Data disputes delay indicators

July 28, 2000

Disputes over data quality are delaying the publication of the latest performance indicators that show the social class of students at each university.

More than 20 institutions disputed the figures that were sent to them for checking earlier this year.

Wrangles over the quality of data used to calculate the indicators mean that publication, which was planned for this month, is now due in September.

Half of the complaints centre on figures that project the outcome for students - such as the likelihood of gaining a degree and the time it takes to achieve one.

Judy Akinbolu, a senior analyst for the Higher Education Funding Council for England, said: "In some cases data quality was not as good as it could have been. We are allowing institutions to amend their data and we are checking their claims, which takes time."

The funding council is also tweaking the performance indicators, following complaints that drop-out rates seemed higher than they should be.

Institutions where a relatively large number of students leave with a qualification below degree level want to ensure these students are not classified as drop outs.

Further adjustments will affect the projected outcomes, which will be presented separately for young and mature students. The information will help potential students to assess their chances of completing the course successfully.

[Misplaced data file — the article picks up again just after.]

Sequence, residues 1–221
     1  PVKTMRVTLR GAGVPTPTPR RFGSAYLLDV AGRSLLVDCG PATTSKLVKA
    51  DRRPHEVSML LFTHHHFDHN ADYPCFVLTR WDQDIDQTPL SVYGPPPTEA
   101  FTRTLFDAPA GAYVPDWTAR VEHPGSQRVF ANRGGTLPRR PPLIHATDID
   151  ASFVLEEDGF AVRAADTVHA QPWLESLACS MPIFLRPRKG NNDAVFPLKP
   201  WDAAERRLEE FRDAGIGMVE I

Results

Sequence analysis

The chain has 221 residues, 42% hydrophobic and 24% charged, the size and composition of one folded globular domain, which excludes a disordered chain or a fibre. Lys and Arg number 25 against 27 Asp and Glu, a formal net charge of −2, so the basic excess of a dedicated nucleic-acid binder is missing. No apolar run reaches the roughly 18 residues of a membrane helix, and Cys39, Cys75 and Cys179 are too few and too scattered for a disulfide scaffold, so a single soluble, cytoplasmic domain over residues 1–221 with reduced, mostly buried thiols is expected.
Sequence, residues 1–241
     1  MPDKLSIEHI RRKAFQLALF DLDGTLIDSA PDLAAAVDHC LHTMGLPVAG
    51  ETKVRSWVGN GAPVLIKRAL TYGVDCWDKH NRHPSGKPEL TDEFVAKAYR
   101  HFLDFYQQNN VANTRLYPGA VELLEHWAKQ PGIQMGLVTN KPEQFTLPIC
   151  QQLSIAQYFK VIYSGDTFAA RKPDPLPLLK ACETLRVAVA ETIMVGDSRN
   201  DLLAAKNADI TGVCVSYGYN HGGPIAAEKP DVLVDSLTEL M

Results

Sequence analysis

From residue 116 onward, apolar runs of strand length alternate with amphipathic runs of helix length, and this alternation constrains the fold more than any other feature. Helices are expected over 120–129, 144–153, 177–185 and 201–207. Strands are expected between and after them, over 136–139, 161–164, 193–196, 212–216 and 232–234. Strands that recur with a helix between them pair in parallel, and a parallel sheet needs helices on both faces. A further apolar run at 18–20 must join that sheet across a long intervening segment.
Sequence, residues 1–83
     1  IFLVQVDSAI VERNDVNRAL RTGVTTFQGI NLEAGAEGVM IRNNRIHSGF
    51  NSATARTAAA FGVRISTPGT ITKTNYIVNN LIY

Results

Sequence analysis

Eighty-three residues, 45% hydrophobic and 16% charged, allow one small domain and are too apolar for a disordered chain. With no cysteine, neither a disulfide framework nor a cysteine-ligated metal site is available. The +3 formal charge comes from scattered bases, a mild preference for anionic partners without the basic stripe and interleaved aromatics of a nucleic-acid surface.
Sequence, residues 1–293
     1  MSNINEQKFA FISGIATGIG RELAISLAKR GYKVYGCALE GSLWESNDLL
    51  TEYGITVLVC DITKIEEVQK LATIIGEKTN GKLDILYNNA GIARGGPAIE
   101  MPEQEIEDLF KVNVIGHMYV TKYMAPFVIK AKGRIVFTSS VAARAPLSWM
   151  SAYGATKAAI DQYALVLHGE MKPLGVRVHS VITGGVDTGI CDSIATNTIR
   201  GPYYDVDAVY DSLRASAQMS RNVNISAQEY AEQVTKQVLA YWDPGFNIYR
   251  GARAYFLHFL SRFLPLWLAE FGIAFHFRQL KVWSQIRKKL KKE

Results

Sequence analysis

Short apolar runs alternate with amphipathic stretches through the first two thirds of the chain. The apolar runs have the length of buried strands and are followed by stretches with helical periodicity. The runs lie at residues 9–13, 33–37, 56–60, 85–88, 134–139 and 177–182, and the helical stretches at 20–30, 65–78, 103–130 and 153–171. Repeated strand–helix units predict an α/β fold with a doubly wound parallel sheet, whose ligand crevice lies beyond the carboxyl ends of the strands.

The data were divided by age for the social mix and drop-out rate of each institution in the first set of performance indicators, published last December.

Part-time students will remain excluded from many of the indicators. Tim O'Shea, master of Birkbeck College, which caters almost exclusively to part-time students, said: "Part-time students need to be properly understood. The key is to invest in data collection."

The blurring of the distinction between full-time and part-time students will make the existing performance indicators less useful in future, Professor O'Shea warned.

If student debt increases while the employment market is buoyant, more students will switch to part-time study, he predicts.

"I think performance indicators are necessary, but with a longitudinal component to capture mobility and transfer to other institutions, as well as the resumption of study following time in employment," he said.

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